Iconic Laguna Beach Outfits That Might Have Been Forgotten

We all remember the iconic show – Laguna Beach. Well, it’s been years since it’s been off the air, but we all might still remember how big an influence it had on fashion in the 2000s. When we look back at certain outfits, it’s not hard to remember how we all dressed back all those years ago and how some fashion trends seem funky enough to return.

Iconic Laguna Beach Outfits That Might Have Been Forgotten

Tiny Belt on Trey’s Arm

One iconic fashion choice inspired by Laguna Beach might seem like something you’d never see anyone wear today, but back in the day, it sure made a fashion statement. It’s the tiny belt we see on actor Trey Phillips’ arm in a scene from the show. What a strange choice – would you wear it today?

Double-Layered Tanks Were Trendy

Double-layered tanks were all the rage back in the 2000s, and there are no two opinions – certain shows on air back then were definitely part of the reason. When people saw stars wearing something, it was natural they’d want to wear it as well, to be cool. There are probably few people who didn’t wear double-layered tanks back then.

Thick Leather Bracelets Were In

The ever-so-popular show, Laguna Beach, proved that yet another strange fashion choice was trendy in the early 2000s. Thick leather bracelets were the choice for many, and the fact that Stephen Colletti sported one made a difference. He was considered a hottie back then, and if he could pull a leather bracelet off, why couldn’t everyone else?

Laguna Beach Popularized Knee-Length Skirts

Knee-length skirts might be one of the few trends from the 2000s that still has a spot in fashion statements today. We can still see countless women sporting long denim skirts on the streets. It’s not an unsightly fashion trend – it’s a skirt made from denim. The best part is that it can be worn with all kinds of tops and still look as stylish as ever!

Although many of the fashion trends we see on the popular show Laguna Beach did not make it to today’s trends – they were all the rage back in the early 2000s. Many of us adored these trends, and the fact that they were worn by celebrities, we found them to be so amazing, it was all we needed to confirm we were right to sport them around town!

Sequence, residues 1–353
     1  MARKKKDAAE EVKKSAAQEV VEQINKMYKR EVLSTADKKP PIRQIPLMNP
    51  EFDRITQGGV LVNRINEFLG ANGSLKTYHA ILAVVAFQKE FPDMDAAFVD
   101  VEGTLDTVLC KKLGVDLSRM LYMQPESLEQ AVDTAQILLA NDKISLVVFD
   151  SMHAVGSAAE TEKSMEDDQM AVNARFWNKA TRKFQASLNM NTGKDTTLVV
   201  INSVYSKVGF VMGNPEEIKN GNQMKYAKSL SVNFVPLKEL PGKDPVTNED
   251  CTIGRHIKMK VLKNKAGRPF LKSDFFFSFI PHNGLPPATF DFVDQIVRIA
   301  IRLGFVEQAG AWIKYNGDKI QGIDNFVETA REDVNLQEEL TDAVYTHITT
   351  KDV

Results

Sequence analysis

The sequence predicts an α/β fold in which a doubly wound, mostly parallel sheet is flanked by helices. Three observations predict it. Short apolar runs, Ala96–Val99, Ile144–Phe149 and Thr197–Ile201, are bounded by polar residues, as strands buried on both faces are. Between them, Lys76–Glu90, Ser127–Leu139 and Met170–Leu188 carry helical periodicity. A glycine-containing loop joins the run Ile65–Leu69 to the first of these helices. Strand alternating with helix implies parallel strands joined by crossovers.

A Hair-Style Archaeologist Recreates the Hairdos of Ancient Rome

While it is rather easy to look back on old fashions and hairstyles with a critical eye, one woman is more intrigued by the process of creating ancient hairstyles. Janet Stephens, a self-professed hair-style archaeologist, asks how did ancient women make their hair.

Janet Stephens Is a Hair Dresser and a Hair-Style Archaeologist

A Hair-Style Archaeologist Recreates the Hairdos of Ancient Rome

While her daily job is to be a hairdresser in Baltimore, Janet Stephens has a second calling. Her time spent giving people layers and funky bobs made her wonder how women made their hair in ancient cultures, so she endeavored to recreate the hairstyles of ancient Rome. She started her own YouTube channel where she now boasts all types of ancient hairstyles, from that of the Empress Plotina to Cleopatra’s coin hair, making her something like a hair-style archaeologist.

Janet’s First Hair-Style Recreation Was That of Empress Julia Domna

Her first foray into YouTube was two years ago when Janet recreated the empress Julia Domna’s hair using tools that Romans at the time would have had. But, Stephens does more than just recreate ancient hair-style fashion for YouTube. She also publishes her research in papers for scientific journals. One of those was called “Ancient Roman hairdressing: on (hair) pins and needles.” It described the difficulties of recreating Roman hairdos and the tools required to do so.

Roman Empress Julia Domna's hairstyle

Many historians had assumed that the gravity-defying curls, bumps, and buns of hairstyles from ancient times were just wigs. However, Stephens never quite bought into the wig theory. Through trial and error, she managed to achieve the ancient hairstyle by sewing the braids and bits with a needle. She then dug deeper into fashion and art history books to find references to stitching. Sure enough, in 2005, she had a breakthrough while studying translations of Roman literature.

She concluded that the Latin term ‘acus’ was being misunderstood when it comes to hairdressing. It has several meanings, and while translators generally go with hairpin, it could also mean a single-prong hairpin or needle and thread. Since then, many journals have recognized Janet’s expertise.